Fishing Hook Anatomy 101

Know Your Anatomy

Fishing Hook Anatomy
A fishing hook is made up of six different parts.

Sometimes, it can be hard to choose the perfect hook. There are many hook sizes, styles, and shapes on the market for both freshwater and saltwater fishing.

At LivetoFish.com, we’re here to make the decision a little easier. Let’s start with the anatomy of a hook. Knowing the parts of a hook is key to picking the one that’s going to catch you the most fish. There are six basic parts to a fishing hook: the eye, the shank, the gap (also sometimes called a ‘gape’), the throat, the point, and the barb.

 


The Hook Eye

Fishing Hook Eye Types
Different types of fishing hook eyes.

The eye is situated at the very top of the hook. This is where the line is tied. Depending on the type of hook that you have, the eye will either be open or closed. A closed eye is welded directly to the shank. An open eye is simply bent into place, which allows for easier removal from the line. If your hook has a straight eye, it lines up perfectly in line with the shank. Turned up and turned down eyes are determined by the way that the eye is turned. A turned up eye is bent or “turned” upwards and away from the hook. A turned down eye is bent downwards toward the hook point.

The hook eye may also be identified as having a certain type of shape. These shapes include looped, ringed, tapered, and needle. The looped, ringed, and tapered eye shapes are all considered to be open eye varieties. Looped (or loop) eyes are oval in shape with a form that extends alongside the shank and continues depending on the direction that the bend is facing. The ringed eye is the most common. It is round in shape and can be applied to many different fishing applications. The tapered eye is thinner than the ringed eye and is perfect for dry fly fishing.


The Hook Shank

The shank is the straight portion of your hook. It extends from the eye down to the first bend where the curve of the hook starts. The length of the shank will help determine the weight of the hook and the distance from the eye to the hook point. This distance is important in determining what size bait you’re going to be using.


The Hook Gap

The gap of a hook is the horizontal distance between the shank and the eye. Hooks with narrow gaps are generally used for live bait fishing because they do less damage to the bait while hooks with wide gaps are generally good for larger baits.


The Hook Throat

Equally as important as the gap is the hook throat. This is the vertical distance measured from the point to the bottom of the curve of the hook. Knowing the size of the throat is important because it can help you to determine how deep a hook is going to go when a fish bites down.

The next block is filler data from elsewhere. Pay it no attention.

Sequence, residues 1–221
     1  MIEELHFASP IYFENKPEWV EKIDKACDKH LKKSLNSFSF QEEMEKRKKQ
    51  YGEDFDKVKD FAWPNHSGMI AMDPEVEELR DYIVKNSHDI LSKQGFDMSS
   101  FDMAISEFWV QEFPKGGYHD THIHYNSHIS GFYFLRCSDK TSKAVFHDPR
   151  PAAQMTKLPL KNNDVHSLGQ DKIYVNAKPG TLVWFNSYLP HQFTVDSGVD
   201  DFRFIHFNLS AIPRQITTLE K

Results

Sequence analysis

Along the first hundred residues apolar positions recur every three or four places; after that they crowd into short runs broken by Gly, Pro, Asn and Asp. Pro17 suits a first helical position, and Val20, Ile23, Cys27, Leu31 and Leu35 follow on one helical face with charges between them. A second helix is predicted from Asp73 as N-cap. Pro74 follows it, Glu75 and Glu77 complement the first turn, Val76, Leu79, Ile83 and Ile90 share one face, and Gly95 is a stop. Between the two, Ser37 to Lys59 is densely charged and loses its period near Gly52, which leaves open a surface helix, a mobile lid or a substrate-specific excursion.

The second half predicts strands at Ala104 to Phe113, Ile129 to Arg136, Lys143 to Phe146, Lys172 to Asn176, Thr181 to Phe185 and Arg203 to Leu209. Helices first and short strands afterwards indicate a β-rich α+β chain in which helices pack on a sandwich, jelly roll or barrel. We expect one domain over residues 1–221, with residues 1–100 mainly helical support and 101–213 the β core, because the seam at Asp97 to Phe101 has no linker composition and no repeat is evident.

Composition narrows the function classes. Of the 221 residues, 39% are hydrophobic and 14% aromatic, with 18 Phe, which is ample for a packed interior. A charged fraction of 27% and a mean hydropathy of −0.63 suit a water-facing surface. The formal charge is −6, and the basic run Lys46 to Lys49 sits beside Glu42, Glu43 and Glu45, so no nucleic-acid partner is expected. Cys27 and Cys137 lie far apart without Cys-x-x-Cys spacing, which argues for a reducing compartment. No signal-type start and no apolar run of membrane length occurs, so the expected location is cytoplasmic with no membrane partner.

The Hook Point

Fishing Hook Point Types
Different types of fishing hook points.

The point of a hook is pretty self-explanatory. It’s the pointy end that pierces your bait and goes into the mouth of your catch. There are many different types hook points from spear points to knife edges. Longer hook points take longer to penetrate the fish’s mouth.

Hook points are generally named so because of their appearance, design, or function. A needle point has tapered, round sides that give it the appearance of being needle-shaped. Needle points are some of the most common hook points. Spear points are shaped to have spear-like angles. The point is aligned from its tip to its barb. Rolled in hooks reduce hook set pressure. The aligned point directly faces the hook eye. This allows fish to thrash and move around without hurting the line. Hollow points have a cut from the base of the tip. They are perfect for crappies and other soft mouthed fish. A knife edge point has two flat sides that come together to form a single edge that is easy to sharpen and is quick to penetrate.


The Hook Barb

The barb of a hook is a piece of steel that is created by notching the hook. It holds bait in place and keeps the hook from sliding out of the fish’s mouth after it bites down. Bait hooks may have several barbs going up the shank. While many hooks have shanks on them, some freshwater hooks (and a few select saltwater ones as well) do not have barbs. These are generally used for catch and release fishing.


A Note on Hook Sizes

The size of a hook doesn’t exactly fall under the umbrella term of “hook anatomy,” but it is something that you should know when deciding on what to use or buy. A good rule of thumb to go by is “the bigger the number, the smaller the hook size.” A size 12 hook will be tiny and a size 1 hook is about average size. Hooks that are larger than a 1 will have a /0 next to them. This is called an “aught.” Hooks with aught sizes will follow standard sizing with 1/0 being a median hook size proceeding all the way up to 20/0, which is big enough for catching sharks.


Ready to Buy?

LivetoFish.com has an extensive catalog of fishing hooks available for purchase. Check out our store page on Fishing Hooks to view and purchase products from our selection.

If you’re looking for even more information about fishing hooks, read through our next article – Fishing Hook Types.

One thought on “Fishing Hook Anatomy 101

  1. Pingback: Catch-And-Release Fish Handling – Live to Fish Blog

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